Anti-virus: a technology update

Kevin Townsend examines the heartbeat of the anti-virus industry
Kevin Townsend examines the heartbeat of the anti-virus industry
Are Stuxnet and Zeus proof that anti-virus software is not protecting your computer well enough?
Are Stuxnet and Zeus proof that anti-virus software is not protecting your computer well enough?

Anti-virus was the first, the most ubiquitous, and is certainly the best known defence against the bad guys. Hugely damaging successful malware attacks, however, beg the question: Are the bag guys winning the arms race?

“The key thing to recognise”, says James Lyne, senior technologist at Sophos, “is that these things are now so inextricably linked that this aged distinction between things like viruses, worms, trojans and spam actually doesn’t make a lot of sense at all – it’s all just ‘bad stuff’”.

"The AV marketing bods need to be more like the AV technical bods; who are far more likely to tell you how it really is"

Bots on compromised PCs, for example, are used to deliver spam that contains social engineering scams designed to trick users into visiting malicious websites. This website will then infect the user with a trojan that opens a back door to allow in a root kit containing a keylogger and spyware. Anti-virus software doesn’t just seek to protect you from viruses, then, it seeks to protect you from all of this bad stuff. For the sake of this article, we’ll just call it all ‘malware’.

What are the attackers doing?

Modern malware has evolved from a demonstration of personal prowess into a serious, organised criminal business, driven by the same motive as any legitimate business – a desire to maximise return on investment (ROI).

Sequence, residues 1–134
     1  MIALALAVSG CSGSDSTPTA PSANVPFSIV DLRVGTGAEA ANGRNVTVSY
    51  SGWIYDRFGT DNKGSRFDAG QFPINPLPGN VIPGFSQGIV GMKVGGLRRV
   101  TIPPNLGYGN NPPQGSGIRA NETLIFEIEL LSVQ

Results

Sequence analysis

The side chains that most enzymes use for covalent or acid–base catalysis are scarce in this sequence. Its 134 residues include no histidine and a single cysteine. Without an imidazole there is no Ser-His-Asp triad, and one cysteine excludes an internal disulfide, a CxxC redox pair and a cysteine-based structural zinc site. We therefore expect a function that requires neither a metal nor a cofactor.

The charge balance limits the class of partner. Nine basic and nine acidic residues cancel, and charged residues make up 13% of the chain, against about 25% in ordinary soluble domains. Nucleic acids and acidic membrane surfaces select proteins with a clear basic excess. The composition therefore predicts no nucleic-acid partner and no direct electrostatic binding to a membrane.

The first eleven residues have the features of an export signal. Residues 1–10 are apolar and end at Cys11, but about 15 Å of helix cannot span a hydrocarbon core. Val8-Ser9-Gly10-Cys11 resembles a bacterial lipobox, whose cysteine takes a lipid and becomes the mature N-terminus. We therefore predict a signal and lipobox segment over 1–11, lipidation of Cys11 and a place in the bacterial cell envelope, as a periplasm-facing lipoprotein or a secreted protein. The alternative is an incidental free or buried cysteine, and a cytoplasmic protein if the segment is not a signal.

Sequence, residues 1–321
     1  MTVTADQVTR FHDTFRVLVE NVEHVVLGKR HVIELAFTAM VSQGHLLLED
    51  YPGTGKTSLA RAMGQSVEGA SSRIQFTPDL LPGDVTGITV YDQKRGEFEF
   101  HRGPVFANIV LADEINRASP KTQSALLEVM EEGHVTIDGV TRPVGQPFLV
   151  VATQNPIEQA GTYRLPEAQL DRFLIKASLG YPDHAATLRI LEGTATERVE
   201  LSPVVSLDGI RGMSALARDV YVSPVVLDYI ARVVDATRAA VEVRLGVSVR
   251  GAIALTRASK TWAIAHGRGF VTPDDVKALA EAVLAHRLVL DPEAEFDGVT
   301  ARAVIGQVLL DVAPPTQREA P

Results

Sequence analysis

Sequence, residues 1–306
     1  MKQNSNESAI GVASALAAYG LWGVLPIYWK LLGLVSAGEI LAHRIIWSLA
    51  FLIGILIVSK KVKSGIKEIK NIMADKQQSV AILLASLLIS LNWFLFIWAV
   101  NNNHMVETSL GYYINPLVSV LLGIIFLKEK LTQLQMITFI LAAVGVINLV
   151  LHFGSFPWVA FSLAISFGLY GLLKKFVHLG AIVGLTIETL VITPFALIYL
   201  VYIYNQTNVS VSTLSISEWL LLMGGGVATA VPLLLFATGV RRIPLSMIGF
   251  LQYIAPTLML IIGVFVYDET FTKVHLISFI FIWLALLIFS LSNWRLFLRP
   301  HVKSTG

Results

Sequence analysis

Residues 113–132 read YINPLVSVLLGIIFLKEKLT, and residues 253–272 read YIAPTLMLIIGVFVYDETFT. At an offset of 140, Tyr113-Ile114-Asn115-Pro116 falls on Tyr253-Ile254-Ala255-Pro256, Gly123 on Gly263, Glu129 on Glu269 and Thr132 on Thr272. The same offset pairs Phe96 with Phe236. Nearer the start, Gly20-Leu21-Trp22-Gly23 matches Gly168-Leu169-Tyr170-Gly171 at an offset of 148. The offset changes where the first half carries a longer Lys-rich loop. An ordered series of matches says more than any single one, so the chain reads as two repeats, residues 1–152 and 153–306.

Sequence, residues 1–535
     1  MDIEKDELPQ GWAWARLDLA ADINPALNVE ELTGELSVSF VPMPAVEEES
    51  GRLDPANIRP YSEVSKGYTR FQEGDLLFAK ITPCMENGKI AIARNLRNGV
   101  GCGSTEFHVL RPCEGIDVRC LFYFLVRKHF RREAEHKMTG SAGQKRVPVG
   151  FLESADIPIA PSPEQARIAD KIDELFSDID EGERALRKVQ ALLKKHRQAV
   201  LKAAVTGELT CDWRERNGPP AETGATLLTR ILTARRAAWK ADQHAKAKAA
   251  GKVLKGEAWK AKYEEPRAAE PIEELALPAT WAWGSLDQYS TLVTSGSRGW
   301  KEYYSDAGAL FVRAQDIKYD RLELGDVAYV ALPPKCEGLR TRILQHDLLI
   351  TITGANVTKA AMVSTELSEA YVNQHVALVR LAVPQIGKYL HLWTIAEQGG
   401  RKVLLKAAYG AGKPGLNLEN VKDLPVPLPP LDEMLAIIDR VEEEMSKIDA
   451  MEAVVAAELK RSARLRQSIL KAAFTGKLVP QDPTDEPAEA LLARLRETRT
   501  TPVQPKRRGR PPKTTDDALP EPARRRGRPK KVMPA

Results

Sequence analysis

Wherever there is a large concentration of users, there will also be malware. This explains the malware campaigns on Facebook and Twitter. But it also tells us what is likely to happen next – increasing malware for the Mac (a new Mac version of KoobFace was recently discovered by Intego, a Mac security specialist).

Criminals follow the people, and as the Mac and other Apple products increase in popularity, so do the criminals who attack them.

Mobilisation is one of the biggest computing movements today. As mobile computing and smart phone markets grow, they attract malware. Similarly, market growth in virtual machines will lead to attacks on the hypervisor. The AV industry is aware that there are proof-of-concept attacks on virtual machines, but nothing has yet been found in the wild. It will eventually happen; and anti-virus companies are waiting.

It is only with a degree of tongue in cheek that Luis Corrons, technical director of PandaLabs, introduces the idea of anti-virus for fridges. “Everything is connected to everything else, and it’s all connected to the internet”, he says. “I don’t know that we’re going to install anti-virus for the fridge, but who knows.” If there are enough fridges connected to the internet, fridge malware will no doubt follow suit.

Technical sophistication

Lyne describes one example of the increasing sophistication in malware. “Polymorphism”, he says, “has been around for about 20 years. It’s where the malware continually changes itself to avoid detection – but it has been easy for the AV vendors to defeat it. But today, the bad guys are using server side polymorphism where the engine is not in the malware but on legitimate business websites. Every time it is refreshed, what is downloaded is different in content to the previous download, and after a couple of hundred downloads, they kill that site and move on to another. That way, none of us vendors can get hold of the engine to write any form of generic protection.”